That's not the end of hush-hush inventions. Each year, the Pentagon sets aside billions of dollars to develop top-secret military weapons. This black budget has grown since the Sept. 11 attacks, surpassing even the funds spent at the height of the Cold War. Some of that money has gone toward the development of nano air vehicles (NAVs), remote-controlled micro-drones that could easily infiltrate enemy territory. We all know how the U.S. military has used larger drones to conduct reconnaissance, transport supplies and even target individuals. Unfortunately, the larger attack drones, such as the MQ-1 Predator, can result in unwanted civilian casualties.
The Art of War
A NAV will be a lot smaller than the EMT Aladin airborne reconnaissance drone this German soldier is using for close area imaging during patrol on Oct. 17, 2010, in Afghanistan.
"The Mercedes-Benz BIOME grows in a completely organic environment from seeds sown in a nursery. Out on the road the car emits pure oxygen, and at the end of its lifespan it can be simply composted or used as building material."
It is made from an ultra-light material called BioFibre so that the finished vehicle, though wider than a typical car, only weighs 876 pounds. If you think that sounds too good to be true, then get this: The BIOME isn't assembled. It grows from two seeds -- one that forms the interior and one that forms the exterior. The wheels germinate from four additional seeds placed in the nursery.
Of course, you won't find the BIOME at your local Mercedes-Benz dealer. That's because the far-out design is a vision of the future, a concept car that's decades ahead of its time.
But then again, there is a fine distinction between a Hovercar and a Sports car, so it ought to be compact in its design. It will look comfortable on a Sci-Fi set.
Even VW has been working on a hover car in China.
A company called Holosonics developed the Audio Spotlight system, which uses tiny speakers to focus sound into a very narrow beam. Ultrasonic frequencies are too high for the human ear to hear, but as the sound travels from the Audio Spotlight system's speakers, air distorts the sound and makes it audible. It's perfect for in-store advertising, but you'd have to be standing in the right place to hear it.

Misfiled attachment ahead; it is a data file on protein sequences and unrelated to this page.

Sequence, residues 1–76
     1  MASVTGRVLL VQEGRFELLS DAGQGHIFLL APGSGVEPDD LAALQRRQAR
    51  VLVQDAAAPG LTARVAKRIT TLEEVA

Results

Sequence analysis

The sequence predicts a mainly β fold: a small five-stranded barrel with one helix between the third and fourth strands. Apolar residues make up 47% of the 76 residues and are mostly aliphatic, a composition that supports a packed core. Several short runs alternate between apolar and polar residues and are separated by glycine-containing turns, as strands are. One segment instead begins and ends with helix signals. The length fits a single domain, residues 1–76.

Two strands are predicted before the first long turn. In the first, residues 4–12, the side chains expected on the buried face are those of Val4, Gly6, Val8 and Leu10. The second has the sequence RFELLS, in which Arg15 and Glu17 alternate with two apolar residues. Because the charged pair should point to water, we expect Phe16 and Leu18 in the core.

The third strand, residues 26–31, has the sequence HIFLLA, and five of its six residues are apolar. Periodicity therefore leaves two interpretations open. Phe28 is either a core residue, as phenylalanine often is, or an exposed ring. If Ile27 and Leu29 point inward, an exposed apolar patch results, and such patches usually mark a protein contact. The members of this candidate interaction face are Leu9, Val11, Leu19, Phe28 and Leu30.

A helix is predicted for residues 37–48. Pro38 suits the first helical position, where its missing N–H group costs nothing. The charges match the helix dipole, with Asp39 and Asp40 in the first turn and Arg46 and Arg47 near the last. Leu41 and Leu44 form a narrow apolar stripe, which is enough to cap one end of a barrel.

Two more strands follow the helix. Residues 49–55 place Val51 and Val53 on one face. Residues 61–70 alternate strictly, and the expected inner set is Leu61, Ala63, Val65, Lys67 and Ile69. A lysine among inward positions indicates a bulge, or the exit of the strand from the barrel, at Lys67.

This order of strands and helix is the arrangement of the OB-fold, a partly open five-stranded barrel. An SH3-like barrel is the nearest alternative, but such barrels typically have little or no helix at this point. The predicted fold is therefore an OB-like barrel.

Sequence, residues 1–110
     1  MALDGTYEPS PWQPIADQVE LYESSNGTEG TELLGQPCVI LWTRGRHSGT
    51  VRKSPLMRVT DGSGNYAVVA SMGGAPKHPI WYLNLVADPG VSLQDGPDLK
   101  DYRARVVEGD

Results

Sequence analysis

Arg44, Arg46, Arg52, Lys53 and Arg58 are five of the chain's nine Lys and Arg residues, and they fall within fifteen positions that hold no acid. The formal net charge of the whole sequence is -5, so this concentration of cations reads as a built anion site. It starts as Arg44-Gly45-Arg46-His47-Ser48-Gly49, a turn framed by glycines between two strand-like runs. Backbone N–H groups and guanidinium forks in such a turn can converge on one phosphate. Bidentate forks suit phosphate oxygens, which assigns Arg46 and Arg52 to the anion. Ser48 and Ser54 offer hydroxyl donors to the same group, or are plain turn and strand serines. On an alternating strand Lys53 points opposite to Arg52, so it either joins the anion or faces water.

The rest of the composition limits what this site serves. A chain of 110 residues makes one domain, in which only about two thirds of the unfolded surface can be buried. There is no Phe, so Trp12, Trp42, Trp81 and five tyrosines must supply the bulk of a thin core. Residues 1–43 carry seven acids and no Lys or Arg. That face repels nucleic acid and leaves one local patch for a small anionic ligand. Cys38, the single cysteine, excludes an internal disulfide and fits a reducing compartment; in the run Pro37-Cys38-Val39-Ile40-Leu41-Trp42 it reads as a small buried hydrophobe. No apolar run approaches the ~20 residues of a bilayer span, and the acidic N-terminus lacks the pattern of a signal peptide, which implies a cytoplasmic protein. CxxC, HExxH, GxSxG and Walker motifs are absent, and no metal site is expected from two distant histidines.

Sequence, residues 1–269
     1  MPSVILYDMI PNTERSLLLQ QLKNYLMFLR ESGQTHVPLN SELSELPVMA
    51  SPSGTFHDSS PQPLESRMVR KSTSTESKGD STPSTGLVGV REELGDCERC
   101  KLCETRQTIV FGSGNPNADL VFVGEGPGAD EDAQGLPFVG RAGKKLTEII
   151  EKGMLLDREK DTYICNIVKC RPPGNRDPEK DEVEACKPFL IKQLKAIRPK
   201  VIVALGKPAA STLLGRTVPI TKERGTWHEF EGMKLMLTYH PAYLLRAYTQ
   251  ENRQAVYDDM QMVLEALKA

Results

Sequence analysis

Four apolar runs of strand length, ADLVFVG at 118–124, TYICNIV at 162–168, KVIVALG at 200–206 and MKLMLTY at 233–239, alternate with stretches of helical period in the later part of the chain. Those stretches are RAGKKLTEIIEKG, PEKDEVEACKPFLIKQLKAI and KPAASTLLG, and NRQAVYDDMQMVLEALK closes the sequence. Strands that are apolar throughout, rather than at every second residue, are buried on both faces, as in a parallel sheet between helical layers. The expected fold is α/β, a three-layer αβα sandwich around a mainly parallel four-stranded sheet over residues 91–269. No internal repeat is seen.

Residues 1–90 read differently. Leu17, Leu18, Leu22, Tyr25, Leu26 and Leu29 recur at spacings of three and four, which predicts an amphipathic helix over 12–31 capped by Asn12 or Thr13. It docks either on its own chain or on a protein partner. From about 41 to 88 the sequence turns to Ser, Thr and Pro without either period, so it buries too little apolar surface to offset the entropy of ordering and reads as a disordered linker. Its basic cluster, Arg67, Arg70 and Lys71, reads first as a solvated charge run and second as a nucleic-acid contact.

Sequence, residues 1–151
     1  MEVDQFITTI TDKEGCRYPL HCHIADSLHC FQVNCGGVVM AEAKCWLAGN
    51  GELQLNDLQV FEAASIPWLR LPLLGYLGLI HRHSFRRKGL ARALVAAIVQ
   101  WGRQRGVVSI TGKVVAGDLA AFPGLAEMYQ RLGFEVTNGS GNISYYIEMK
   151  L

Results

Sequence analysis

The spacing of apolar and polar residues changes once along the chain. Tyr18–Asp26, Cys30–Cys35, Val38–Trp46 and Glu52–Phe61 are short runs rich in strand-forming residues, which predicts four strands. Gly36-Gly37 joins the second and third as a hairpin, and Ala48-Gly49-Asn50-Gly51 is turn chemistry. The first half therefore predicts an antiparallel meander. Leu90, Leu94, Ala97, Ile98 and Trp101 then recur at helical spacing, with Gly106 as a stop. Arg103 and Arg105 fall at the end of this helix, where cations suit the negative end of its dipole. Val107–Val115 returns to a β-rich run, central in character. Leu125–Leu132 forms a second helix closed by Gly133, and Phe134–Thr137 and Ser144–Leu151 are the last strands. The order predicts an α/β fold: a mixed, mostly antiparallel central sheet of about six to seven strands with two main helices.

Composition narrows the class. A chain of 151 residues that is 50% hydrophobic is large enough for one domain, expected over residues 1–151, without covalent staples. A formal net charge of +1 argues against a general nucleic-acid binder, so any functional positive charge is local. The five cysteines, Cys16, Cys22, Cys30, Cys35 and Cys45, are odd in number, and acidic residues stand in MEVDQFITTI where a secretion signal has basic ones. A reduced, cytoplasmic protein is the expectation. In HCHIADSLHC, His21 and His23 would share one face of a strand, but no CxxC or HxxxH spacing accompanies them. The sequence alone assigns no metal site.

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In 2011, a remote-controlled prototype of a jetpack made by a New Zealand company called Martin Aircraft actually demonstrated the ability to reach an altitude of 5,000 feet (1,524 meters) and cruise at 62 miles per hour, and stayed aloft for 30 minutes.
Vernor Vinge, a math professor at San Diego State University, proposed what he calls the singularity -- a time at which computer networks may become self-aware through advanced AI, and interfaces between people and computers help humankind evolve. Biological advancements may become so sophisticated that doctors can even engineer human intelligence. There is a possibility, however, that AI might allow machines to take over the world. There's no guarantee that such a scenario will really happen, and technological limitations may prevent it. Still, the idea that machines might someday decide we're irrelevant and arrange for our destruction is more than a little creepy. In 2008 scientists completed a gigantic machine that they believe will help solve some of the secrets of the universe. Some critics of the project were so afraid of it that they filed a lawsuit to prevent it from being turned on.